Duranton and Turner on the fundamental law of traffic congestion in AER

This paper in AER is getting its kicking around the web from the transit fanboys and those outside the transport field who don’t get why managing congestion is treated as a goal for public transit. The commentariat is in umbrage: surely transit riders benefit from transit, yada, yada, and this result means nothing. Andrew Gelman gets a buy on his comments because he’s brilliant, I love his Bayes book, and I learn more from his blog than I learn from most books. Everybody else needs to chill.

The Duranton and Turner paper is significant for multiple reasons. First of all, transit fanboys have nobody to blame but themselves for the widely held perception that transit investment decreases congestion. It’s part of every “More rail, more rail, more rail” chant I’ve ever read in about 20+ years of professional life in transport planning. Why? Because if you didn’t promise those who don’t ride transit a benefit from the billions we spend on transit, they’d never hand over the billions to you. Outside of the few major transit markets in the US, transit riders themselves have never been a big enough constituency to hold their own in budget battles, which is one reason why they are at such a disadvantage in Federal budget talks.

Promising nonuser benefits has been the major marketing strategy of transit agencies for at least 40 years. Transit saves the air! It makes us skinny! It decreases congestion! And so on and so forth. Promises of this type, however, have the tendency to prompt empirically minded researchers like Matt Turner to get out their datasets and their instrumental variables and get all hypothesis testy on you.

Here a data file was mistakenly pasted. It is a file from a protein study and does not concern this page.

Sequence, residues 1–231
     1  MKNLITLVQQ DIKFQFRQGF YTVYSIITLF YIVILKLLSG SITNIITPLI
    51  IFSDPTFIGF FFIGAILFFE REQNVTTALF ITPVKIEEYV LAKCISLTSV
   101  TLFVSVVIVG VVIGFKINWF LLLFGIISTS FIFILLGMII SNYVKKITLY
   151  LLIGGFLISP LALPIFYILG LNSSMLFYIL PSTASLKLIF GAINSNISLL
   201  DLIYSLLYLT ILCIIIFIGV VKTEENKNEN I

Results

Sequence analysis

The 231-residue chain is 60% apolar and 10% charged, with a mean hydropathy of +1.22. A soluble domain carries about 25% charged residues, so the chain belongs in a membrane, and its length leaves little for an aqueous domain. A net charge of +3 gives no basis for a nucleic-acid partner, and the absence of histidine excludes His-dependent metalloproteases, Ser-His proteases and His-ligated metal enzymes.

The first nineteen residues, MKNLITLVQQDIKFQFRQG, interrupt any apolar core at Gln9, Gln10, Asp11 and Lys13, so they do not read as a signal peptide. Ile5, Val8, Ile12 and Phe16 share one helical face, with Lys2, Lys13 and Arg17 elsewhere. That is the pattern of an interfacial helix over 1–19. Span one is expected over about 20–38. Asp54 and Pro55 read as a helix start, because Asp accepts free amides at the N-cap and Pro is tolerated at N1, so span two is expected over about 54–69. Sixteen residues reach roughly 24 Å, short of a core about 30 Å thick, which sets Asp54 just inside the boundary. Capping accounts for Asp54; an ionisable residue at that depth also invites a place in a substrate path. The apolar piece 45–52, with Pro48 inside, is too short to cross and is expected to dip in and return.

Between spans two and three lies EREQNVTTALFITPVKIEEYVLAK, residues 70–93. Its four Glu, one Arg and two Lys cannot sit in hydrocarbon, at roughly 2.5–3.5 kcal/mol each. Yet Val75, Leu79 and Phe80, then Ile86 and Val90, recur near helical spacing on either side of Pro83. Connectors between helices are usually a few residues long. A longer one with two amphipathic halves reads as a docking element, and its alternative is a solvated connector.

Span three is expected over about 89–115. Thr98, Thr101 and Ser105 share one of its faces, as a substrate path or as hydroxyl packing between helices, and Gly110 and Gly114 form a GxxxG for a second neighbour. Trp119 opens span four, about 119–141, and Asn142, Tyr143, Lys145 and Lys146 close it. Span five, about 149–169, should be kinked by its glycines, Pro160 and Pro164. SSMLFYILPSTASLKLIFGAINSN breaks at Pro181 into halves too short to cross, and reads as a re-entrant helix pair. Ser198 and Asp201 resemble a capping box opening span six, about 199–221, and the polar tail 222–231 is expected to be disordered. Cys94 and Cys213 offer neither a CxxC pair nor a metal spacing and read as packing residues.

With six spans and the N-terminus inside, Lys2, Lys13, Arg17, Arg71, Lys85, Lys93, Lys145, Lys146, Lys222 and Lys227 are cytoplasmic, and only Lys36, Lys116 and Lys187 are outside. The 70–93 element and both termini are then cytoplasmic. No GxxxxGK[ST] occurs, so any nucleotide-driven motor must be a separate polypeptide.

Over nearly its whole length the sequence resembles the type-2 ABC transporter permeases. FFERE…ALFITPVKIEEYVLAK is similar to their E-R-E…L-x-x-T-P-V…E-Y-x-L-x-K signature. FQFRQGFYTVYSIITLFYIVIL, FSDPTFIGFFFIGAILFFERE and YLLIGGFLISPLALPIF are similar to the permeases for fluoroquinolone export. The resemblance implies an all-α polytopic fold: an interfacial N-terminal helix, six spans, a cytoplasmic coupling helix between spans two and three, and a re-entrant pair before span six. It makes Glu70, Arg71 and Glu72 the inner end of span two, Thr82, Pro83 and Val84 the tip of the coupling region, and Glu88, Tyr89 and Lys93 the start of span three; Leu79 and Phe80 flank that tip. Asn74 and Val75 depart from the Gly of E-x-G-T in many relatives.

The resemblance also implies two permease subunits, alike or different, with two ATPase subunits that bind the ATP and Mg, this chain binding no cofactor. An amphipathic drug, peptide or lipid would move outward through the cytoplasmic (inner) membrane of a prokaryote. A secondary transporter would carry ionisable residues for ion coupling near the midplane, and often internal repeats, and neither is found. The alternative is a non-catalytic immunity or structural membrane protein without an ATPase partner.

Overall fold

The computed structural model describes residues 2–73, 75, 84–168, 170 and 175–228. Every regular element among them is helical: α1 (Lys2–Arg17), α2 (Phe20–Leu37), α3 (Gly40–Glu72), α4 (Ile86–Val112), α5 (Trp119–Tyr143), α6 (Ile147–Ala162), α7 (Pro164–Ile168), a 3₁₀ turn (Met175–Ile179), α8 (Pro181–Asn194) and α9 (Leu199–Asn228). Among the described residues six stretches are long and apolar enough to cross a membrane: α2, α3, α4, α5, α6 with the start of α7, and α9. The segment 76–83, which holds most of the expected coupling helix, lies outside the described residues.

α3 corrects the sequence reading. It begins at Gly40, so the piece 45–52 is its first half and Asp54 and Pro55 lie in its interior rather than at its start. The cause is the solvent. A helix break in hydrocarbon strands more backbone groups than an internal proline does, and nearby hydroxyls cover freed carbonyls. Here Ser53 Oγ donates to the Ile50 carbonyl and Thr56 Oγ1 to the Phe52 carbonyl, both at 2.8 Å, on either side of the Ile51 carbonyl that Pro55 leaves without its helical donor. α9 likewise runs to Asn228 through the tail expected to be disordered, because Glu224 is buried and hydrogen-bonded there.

Again: Gelman gets a buy because he readily admits he hasn’t been at the party for 20+ years, but it’s some serious gaslighting at this stage of the game, after transit advocates have spent decades schilling the investment based on nonuser benefits, to respond with “how silly those economists are! Transit provides mobility! Of course, that’s the benefit of transit!” Especially when ridership figures on many systems are so disappointing. That’s a pretty politically dangerous response for everybody who, unlike Gelman, doesn’t live in NYC because if we do cost-benefits on transit investment based on benefits to riders alone, we’d see a lot less investment. I assume that’s not what the fanboys want.

Anyway, so what’s interesting in the manuscript itself? Here’s the actual citation:

Duranton, Gilles, and Matthew A. Turner. 2011. “The Fundamental Law of Road Congestion: Evidence from US Cities.” American Economic Review, 101(6): 2616–52.

Here’s the abstract:

We investigate the effect of lane kilometers of roads on vehicle-kilometers traveled (VKT) in US cities. VKT increases proportionately to roadway lane kilometers for interstate highways and probably slightly less rapidly for other types of roads. The sources for this extra VKT are increases in driving by current residents, increases in commercial traffic, and migration. Increasing lane kilometers for one type of road diverts little traffic from other types of road. We find no evidence that the provision of public transportation affects VKT. We conclude that increased provision of roads or public transit is unlikely to relieve congestion. (JEL R41, R48)

So what? Anthony Downs (and other smart people) pointed out the theory of triple convergence quite some ago–that additional capacity on an unpriced system will erode until a congested re-occurs. In the absence of money prices, the only thing that disciplines demand on a facility are the time costs, and the time costs rise with…congestion. So one of the most misguided commenters asks: Where do all the extra drivers come from? The answer is easy:

a) population growth or
b) nowhere, since you don’t need additional bodies. You just need additional trips.